Football and women’s soccer are no longer the only sports being brought up in the discussion about concussions. The UIL, which oversees high school athletic competitions in Texas, has launched a pilot program this year to make competitions safer.
Cheerleading wasn’t considered a sport by the UIL before this year, but this designation changed as more athletes reported concussions and other serious injuries.
In order to ensure that cheerleaders adhered to their concussion protocol, the UIL held their first ever Spirit State Championship in January.
“The focus of the spirit competition and its addition as a UIL activity is based on safety,” said Kate Hector, media coordinator for UIL. “Prior to adding a competition in spirit, the UIL added specific safety requirements for cheerleading participants and safety training for cheerleading sponsors.”
This new competition placed a greater focus on spirit and teamwork rather than complicated stunts, which are the most common cause of head injuries in cheerleading.
Concussions can occur in a number of ways in cheerleading. The two most common concussion incidents involve flyers hitting a base in the head during stunts or falling to the ground. The second case is far more serious and can cause serious damage to the head and neck.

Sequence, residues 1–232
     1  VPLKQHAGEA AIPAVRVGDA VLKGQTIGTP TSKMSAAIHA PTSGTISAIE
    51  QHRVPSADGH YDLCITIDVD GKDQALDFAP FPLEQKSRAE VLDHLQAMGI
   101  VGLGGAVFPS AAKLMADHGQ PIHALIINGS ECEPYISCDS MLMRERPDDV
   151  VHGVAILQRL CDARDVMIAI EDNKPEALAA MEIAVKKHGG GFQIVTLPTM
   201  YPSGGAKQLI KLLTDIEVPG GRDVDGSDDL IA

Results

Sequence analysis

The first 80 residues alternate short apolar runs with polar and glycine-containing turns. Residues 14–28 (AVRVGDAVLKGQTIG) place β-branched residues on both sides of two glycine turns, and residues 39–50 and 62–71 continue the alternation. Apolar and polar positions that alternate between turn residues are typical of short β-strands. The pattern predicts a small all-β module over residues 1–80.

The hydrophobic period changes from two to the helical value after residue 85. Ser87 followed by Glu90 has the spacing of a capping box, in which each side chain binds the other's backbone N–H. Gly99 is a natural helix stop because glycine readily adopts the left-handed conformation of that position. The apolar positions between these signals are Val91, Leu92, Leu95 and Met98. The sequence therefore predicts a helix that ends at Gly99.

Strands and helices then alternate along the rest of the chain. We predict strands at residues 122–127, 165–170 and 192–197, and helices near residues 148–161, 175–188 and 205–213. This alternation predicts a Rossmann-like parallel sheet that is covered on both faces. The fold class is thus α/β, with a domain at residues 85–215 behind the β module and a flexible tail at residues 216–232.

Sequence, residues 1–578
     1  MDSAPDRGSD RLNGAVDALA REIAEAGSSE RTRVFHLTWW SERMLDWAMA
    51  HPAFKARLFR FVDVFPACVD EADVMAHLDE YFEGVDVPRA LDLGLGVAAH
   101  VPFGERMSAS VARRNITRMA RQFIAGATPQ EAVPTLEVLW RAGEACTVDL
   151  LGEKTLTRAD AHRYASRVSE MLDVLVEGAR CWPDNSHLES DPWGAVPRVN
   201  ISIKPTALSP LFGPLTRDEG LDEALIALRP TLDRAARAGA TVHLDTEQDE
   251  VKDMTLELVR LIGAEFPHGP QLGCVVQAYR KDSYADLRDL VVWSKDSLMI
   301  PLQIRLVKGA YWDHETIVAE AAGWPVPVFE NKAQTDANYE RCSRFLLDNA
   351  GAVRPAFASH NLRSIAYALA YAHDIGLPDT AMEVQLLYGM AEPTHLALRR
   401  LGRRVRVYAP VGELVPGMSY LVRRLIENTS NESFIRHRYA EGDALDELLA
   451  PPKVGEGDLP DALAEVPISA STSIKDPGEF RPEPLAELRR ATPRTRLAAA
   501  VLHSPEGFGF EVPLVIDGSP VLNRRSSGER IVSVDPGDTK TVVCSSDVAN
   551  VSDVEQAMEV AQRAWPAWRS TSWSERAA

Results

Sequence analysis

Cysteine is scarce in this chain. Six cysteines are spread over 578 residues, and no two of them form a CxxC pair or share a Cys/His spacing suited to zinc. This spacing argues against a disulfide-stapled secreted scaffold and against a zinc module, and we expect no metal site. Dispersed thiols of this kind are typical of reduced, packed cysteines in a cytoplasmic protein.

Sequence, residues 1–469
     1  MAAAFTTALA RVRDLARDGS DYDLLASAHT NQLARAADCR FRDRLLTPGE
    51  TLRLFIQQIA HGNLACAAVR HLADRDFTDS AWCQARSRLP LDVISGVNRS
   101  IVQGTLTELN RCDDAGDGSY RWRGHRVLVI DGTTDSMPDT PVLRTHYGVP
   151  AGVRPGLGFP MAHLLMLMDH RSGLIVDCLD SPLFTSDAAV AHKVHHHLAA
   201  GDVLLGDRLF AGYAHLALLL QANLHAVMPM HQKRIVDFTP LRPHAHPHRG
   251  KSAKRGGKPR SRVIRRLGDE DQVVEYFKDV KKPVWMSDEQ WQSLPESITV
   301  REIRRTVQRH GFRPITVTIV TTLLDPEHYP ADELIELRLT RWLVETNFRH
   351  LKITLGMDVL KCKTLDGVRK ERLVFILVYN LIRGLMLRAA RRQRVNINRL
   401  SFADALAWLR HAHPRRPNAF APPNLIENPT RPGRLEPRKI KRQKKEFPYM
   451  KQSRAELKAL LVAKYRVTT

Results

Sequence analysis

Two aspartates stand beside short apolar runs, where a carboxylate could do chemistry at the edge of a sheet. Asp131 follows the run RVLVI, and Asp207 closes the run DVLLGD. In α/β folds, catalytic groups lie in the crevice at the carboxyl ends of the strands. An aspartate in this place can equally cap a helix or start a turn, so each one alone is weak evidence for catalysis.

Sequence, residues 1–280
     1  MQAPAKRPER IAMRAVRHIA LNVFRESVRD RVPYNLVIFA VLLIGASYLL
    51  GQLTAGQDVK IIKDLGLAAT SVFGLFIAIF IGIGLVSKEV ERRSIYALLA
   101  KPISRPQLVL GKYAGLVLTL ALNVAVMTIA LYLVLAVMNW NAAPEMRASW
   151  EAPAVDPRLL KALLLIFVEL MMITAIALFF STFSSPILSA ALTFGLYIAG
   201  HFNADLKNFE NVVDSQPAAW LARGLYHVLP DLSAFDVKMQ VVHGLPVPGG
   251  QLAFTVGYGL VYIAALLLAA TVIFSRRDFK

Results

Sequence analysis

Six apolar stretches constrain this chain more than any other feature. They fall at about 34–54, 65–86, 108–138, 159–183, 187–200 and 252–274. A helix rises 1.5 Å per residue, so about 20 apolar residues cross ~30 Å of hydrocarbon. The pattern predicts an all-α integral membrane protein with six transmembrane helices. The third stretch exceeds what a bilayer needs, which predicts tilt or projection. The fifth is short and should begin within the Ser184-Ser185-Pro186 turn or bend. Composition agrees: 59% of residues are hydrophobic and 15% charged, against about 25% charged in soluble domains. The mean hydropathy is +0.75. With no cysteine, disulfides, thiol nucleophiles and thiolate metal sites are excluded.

Jeoff Johnson, head cheerleading coach at Paschal High School, said that the first type of concussion is very common in his practices, but steps are always made to ensure the safety of the athletes.
Cheerleaders must now meet the same guidelines as all other athletes when returning to competition after a suspected concussion. The UIL protocol requires that the athlete’s doctor provide a written statement once the athlete is cleared to return.
“We do make sure to take our time getting them back to make sure, at this young age, their brain has had time enough to fully recover, which is different for everyone,” said Johnson. “We are lucky to have a connection through Fort Worth ISD to have the Ben Hogan Sports Medicine and Concussion Center at our disposal.”
Although the UIL has changed the way teams compete, not much has changed in Johnson’s cheer practices.
“We just try to spend more time relearning the basics and fundamentals of spotting as well as stunt technique,” said Johnson. “This way those involved in a stunt know on instinct how to react if something goes wrong and those that are safety spotters can step in to fill any gaps.”
Johnson uses the Ben Hogan Sports Medicine and Concussion Center even before following the UIL mandated concussion protocol to ensure that athletes are fully prepared to return to action. He said the safety of the cheerleaders lies mainly on the shoulders of one individual.
“All in all, it’s really on the coach to know the level of ability for each squad to know what stunts they should and should not attempt and a proper progression to improving skills in a safe manner,” said Johnson.